Within the precincts of the church the greeks and Armenians have each cloisters in which they dwell, and the greeks have a small chapel. The Franciscans have a monastery adjoining to the church, with several gardens, and a spacious chapel, dedicated to St. Catharine, out of which a flight of steps leads to the subterranean chapel of the nativity. The whole being enclosed within the same walls occupies a square space of considerable extent.

From the time of Hadrian to that of Constantino a myrtle grove witnessed the celebration of the rites of Adonis, over the spot in which Christ is reported to have been born. This grove the empress Helena cut down, and in it’s place erected a stately church, in form of a cross, dedicated to St. Mary of Bethlehem. The entrance to this is through a portico with sixteen pillars; and four rows of ten pillars, each of one piece of fine white marble, some of them beautifully speckled, adorn and support it within.

Church, Nativity, Subterranean, Bethlehem, Luigi Mayer, Palestine, Holy Land,
Subterranean Church at Bethlehem, with the altars of the nativity, the Holy Manger, and the Wise Men, and the stairs leading to the church over them.

These pillars were once finely gilded. The walls are faced, nearly to the top, with large slabs of white marble, and the rest was ornamented with mosaic work. On each side of the chancel is an open worked door of brass, at the head of a flight of steps lead- ing to a subterranean vault or chapel twelve feet wide, forty feet long, and fifteen high ; the sides and floor covered with white marble, and the circular roof once embellished with gilding and mosaic, now greatly decayed.

At the upper end, between the two flights of stairs, in an arched recess stands an altar, with a picture of the nativity. On the south side, near the foot of the stairs, you descend by three steps into a smaller grot, separated from the former by three pillars of variegated marble, which support the overhanging rock.

On the west side of this is a manger, about two feet high from the floor, and a little way hollowed within, in which the infant Jesus is supposed to have been laid. This too is cased with white marble. On the opposite side of this grot is a bench in the rock, not unlike an altar, on which the wise men of the east, who were conducted hither by the star, are said to have deposited their gifts.

At the extremity of the chapel that faces the altar of the nativity is a long narrow passage, lead- ing to a square cave, supported in the centre by a pillar hewn out of the rock. At the east end of this cave, which is on the right hand as you enter it, stands an altar; and underneath this is a passage to a vault, where they say the infants slain at the command of Herod were buried.

Facing this altar is a passage, in which, on the right hand, is the tomb of Eusebius, the disciple of Jerom; and which leads to another, containing the sepulchres of St. Jerom, and that of Paula, a roman lady, descended from the ancient families of the Gracchi and Cornelii, who built four monasteries and an hospital for pilgrims near.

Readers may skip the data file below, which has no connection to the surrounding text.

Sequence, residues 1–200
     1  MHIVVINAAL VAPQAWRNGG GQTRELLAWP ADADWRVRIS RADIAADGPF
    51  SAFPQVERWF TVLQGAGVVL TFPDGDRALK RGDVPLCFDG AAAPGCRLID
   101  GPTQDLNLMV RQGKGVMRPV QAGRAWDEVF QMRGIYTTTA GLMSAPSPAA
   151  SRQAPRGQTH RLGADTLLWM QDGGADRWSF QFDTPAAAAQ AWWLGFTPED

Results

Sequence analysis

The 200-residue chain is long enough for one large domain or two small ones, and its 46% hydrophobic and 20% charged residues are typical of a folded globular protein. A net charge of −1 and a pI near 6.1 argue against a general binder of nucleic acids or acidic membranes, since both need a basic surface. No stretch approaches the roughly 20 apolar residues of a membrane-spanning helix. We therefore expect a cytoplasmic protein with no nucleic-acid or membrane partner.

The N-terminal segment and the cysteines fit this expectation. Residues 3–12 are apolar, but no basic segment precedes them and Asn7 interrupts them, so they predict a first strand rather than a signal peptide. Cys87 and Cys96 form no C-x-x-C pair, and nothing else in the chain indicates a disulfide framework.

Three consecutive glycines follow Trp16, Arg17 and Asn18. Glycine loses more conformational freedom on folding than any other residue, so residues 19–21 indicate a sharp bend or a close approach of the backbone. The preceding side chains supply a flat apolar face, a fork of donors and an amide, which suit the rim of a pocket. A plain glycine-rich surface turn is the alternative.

In this her daughter Eustochia also was probably buried. Adjoining to this grot is another, called St. Jerom’s study, in which they report he lay fifty years and six months, during which time he twice translated the Bible into latin. The altar of the circumcision stands on one side of the chancel of the church aboveground.

Sepulchre, tomb, Rachel, Bethlehem, Luigi Mayer, Palestine, Holy Land,
Sepulchre of Rachel at Bethlehem
Reservoir, Sealed, Fountain, Bethlehem, Luigi Mayer, Palestine, Holy Land,
Reservoir of the Sealed Fountain, near Bethlehem.

Rachel’s Tomb

On the road to this place the traveller’s attention is pointed to the tomb of Rachel; but if the bones of the favorite wife of Jacob were ever deposited here, it certainly was not in a building so similar to others of far more recent times.

In the neighborhood is shown a spacious cistern, which we may presume to be of much higher antiquity, called the reservoir of the sealed fountain. This is vulgarly ascribed to Solomon, but probably on no better foundation than an allusion in Canticles, chap. iv, ver. 12.

Ramah, Ruins, Ramata Zophim, Luigi Mayer, Palestine, Holy Land,
Ruins between Ramah and Jerusalem.

RAMAH.

There were several towns in Palestine of this name, which signifies a high place. One, of which a view is annexed, on the road between Jerusalem and Emmans, still retains the name of Ramata Zophim (Ramathaim-Zophim or Ramatajim), and was in all probability the birthplace of the prophet Samuel. Near it, and close to the road, are the remains of a strong and spacious edifice, apparently of the same architecture as the tower of Antonia in Jerusalem, and other ruins in different parts of this country.

Rama is also the alleged birthplace of Joseph of Arimathea, who, according to the New Testament, arranged for the burial of Jesus. Arimathea is a Greek name for Rama.

Source:

  • The Holy Land, Syria, Idumea, Arabia, Egypt, & Nubia, by David Roberts, George Croly, William Brockedon. London: Lithographed, printed and published by Day & Son, lithographers to the Queen. Cate Street, Lincoln’s Inn Fields, 1855.
  • Views in Palestine, from the original drawings of Luigi Mayer: with an historical and descriptive account of the country, and its remarkable places by Luigi Mayer. London: Printed by T. Bensley for R. Bowyer, 1804.